Starobinets first book “An Awkward Age” (Hesperus Contemporary, 2011) was a collection of creepy horror stories; in both cases, the genre is a vehicle for the author’s unsettling ideas. Source: British Council Russia.
Anyone who has ever been alarmed by the pace of the digital revolution will find Anna Starobinets’ novel disturbing. “The Living” of the title is the single entity that futuristic humanity has become: exactly three billion people connected via cerebral computers which enable them to communicate simultaneously on numerous levels even while they are asleep.
|Anna Starobinets, The Living. Hesperus Press, 2012|
The virtually omnipresent Socio network resembles Facebook; users collect friends and can like, share or chat, but the resulting dystopia has more sinister features. Life is compulsorily terminated at sixty via a visit to the Pause Zone. Five seconds later the deceased will be reincarnated, often in the orgiastic Reproduction Zone of the same Festival.
A pregnant woman learns that her “festival baby” has no incode, making him the only person who is not part of the Living; he becomes known as Zero. The novel is, mostly, Zero’s story, but in true postmodern style, Starobinets has created a patchwork of text messages, letters, songs, transcripts of interrogations and diary entries, building a deliberately fragmented picture from multiple viewpoints.
James Rann’s translation admirably transfers this challenging matrix of narrative and neologism into fluid English. Some invented words, like the insult “Gopz” (“GO to the Pause Zone”), are summarized in a glossary at the end. There are even new colors with names like “inviz” or “feeling lucky.”
The basic premise of Starobinets’ dystopia is not particularly original. There is the standard vague, post-apocalyptic scenario (which has roots as far back as the legends of the flood); it is referred to in this case as the Reduction and aided by the axe-wielding “Butcher’s Son,” whose subsequent incarnations are locked in a glass-walled cell.
Eugene Zamyatin’s “We” and other early sci-fi novels helped to found a literary tradition in which future autocracy controls the populace. There are shades of “Brave New World,” but also of E.M Forster’s prescient 1909 novella, “The Machine Stops,” in which people have become fatally dependent on technology and rarely leave their individual rooms, spending their time messaging each other.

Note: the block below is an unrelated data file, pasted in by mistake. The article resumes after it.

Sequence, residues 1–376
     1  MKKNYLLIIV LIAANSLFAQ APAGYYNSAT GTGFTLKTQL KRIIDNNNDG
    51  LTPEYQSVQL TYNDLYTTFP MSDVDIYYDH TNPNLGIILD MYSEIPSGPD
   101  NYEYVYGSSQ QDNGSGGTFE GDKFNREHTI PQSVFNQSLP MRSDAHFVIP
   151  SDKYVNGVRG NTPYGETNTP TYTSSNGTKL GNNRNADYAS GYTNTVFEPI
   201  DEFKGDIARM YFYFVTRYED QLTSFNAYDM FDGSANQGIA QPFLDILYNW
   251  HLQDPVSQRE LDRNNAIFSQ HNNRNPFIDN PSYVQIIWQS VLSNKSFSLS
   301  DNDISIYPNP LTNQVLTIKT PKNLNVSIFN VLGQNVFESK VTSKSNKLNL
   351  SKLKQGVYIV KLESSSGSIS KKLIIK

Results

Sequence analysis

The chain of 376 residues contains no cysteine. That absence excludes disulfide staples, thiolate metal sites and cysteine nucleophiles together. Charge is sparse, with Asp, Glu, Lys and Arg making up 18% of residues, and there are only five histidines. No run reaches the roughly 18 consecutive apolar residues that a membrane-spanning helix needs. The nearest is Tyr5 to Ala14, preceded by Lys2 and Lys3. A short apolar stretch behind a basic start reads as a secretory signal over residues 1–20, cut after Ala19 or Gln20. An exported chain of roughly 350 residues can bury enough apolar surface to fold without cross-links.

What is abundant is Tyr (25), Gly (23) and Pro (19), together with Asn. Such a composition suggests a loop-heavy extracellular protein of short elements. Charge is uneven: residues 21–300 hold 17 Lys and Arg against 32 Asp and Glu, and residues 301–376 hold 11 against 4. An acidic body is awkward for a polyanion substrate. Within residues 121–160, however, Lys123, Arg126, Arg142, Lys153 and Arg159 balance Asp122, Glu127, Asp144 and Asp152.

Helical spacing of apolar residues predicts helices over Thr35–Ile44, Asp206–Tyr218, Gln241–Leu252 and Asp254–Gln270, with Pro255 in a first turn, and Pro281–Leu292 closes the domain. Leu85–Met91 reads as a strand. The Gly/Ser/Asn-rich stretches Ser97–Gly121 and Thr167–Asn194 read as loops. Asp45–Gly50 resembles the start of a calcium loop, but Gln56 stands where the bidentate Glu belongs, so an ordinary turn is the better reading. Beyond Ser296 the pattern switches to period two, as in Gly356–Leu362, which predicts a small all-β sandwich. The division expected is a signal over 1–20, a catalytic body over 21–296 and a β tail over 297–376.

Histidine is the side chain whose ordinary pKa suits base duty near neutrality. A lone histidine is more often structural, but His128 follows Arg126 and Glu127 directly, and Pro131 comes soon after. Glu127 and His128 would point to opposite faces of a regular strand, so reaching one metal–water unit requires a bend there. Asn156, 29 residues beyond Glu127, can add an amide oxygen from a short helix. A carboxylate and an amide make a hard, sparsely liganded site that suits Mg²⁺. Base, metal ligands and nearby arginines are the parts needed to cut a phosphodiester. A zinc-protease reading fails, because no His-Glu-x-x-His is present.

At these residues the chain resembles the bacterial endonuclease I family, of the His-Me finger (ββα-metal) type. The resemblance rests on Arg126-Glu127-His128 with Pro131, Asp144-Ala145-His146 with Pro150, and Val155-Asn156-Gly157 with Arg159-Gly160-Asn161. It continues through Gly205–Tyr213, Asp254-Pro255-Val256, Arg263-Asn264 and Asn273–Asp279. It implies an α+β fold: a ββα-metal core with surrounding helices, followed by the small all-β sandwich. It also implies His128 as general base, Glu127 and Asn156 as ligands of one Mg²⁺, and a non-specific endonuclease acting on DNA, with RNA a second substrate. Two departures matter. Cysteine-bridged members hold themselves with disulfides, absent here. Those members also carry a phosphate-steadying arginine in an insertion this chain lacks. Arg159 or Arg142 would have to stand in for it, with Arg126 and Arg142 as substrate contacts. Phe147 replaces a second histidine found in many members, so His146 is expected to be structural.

Starobinets takes this now all-too-believable scenario and runs with it. Real life (known as “first layer”) has become far less interesting and appealing than the unlimited instant possibilities available in the virtual world known as luxury.
Computer viruses and loss of contact with reality are threats in this universe, but Starobinets mainly targets those who unquestioningly support dictatorship. Policed by officers known as planetmen in mirror masks and bombarded with propaganda, there are still a growing number of dissidents among the Living. The political choices between reform and repression are topical, especially in Russia.
Starobinets first book “An Awkward Age” (Hesperus Contemporary, 2011) was a collection of creepy horror stories; in both cases, the genre is a vehicle for the author’s unsettling ideas. A nightmarish novel like “The Living” has the potential to start cults; it would make a great film and deserves a wider audience. Sadly the final sections lose their way slightly. The narrative becomes ever more bafflingly labyrinthine, like someone recounting a disjointed dream or a bad trip. Brain surgery, drug-induced cruelty inspired by the intravenous venom of the bakugan beetle’s larvae, or insect cybersex in a virtual termite mound, are just some of the chimeras appearing in the last pages.
There are still some powerful images from contemporary digital discourse and the end has a weird inevitability. One whistle-blower is reprogrammed into a useful troll, mindlessly supporting the status quo: “I am happy to report that no violations or abuses of power were discovered in the work of the SPO [police],” he parrots. Starobinets’ inventive use of language and her teeming, uncompromising imagination have created a world in which satire and prophecy collide to chilling effect.
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